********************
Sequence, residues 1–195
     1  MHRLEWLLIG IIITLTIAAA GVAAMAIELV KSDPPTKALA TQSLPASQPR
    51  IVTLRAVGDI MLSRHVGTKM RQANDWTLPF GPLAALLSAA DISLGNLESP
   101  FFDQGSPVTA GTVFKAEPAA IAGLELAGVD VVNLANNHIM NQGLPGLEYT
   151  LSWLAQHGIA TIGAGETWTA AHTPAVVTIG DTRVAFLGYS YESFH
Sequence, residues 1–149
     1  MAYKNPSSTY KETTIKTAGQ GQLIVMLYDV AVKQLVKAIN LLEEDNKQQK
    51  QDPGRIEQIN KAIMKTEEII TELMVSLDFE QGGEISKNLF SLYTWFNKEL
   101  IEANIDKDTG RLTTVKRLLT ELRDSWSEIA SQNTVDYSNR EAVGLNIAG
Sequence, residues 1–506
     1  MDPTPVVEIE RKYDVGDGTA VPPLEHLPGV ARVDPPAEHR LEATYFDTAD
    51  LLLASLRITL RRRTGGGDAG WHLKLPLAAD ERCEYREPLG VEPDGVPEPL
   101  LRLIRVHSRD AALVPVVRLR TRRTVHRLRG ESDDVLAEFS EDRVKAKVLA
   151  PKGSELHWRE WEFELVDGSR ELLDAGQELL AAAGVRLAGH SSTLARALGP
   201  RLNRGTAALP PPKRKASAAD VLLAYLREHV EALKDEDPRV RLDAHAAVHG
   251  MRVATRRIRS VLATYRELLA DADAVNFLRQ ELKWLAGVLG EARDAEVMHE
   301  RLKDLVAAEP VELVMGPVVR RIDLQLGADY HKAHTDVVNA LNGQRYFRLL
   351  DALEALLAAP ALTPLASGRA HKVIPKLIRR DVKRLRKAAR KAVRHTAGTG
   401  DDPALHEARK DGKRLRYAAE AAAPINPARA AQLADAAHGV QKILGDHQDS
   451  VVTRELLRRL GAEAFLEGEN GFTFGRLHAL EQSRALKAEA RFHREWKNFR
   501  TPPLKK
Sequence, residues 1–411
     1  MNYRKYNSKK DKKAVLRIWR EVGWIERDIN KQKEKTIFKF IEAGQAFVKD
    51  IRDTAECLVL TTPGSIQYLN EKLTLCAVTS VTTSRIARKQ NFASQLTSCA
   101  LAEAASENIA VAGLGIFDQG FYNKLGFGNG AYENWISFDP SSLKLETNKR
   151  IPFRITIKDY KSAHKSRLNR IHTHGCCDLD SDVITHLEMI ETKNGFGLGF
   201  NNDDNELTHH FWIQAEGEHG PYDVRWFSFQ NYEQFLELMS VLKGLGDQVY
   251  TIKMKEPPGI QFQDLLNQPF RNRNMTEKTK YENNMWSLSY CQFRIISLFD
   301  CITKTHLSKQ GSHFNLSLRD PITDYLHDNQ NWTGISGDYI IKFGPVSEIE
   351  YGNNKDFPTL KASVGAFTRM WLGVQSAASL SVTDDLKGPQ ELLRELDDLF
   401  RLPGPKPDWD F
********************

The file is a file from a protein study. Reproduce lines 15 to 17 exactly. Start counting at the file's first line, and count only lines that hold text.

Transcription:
   201  RLNRGTAALP PPKRKASAAD VLLAYLREHV EALKDEDPRV RLDAHAAVHG
   251  MRVATRRIRS VLATYRELLA DADAVNFLRQ ELKWLAGVLG EARDAEVMHE
   301  RLKDLVAAEP VELVMGPVVR RIDLQLGADY HKAHTDVVNA LNGQRYFRLL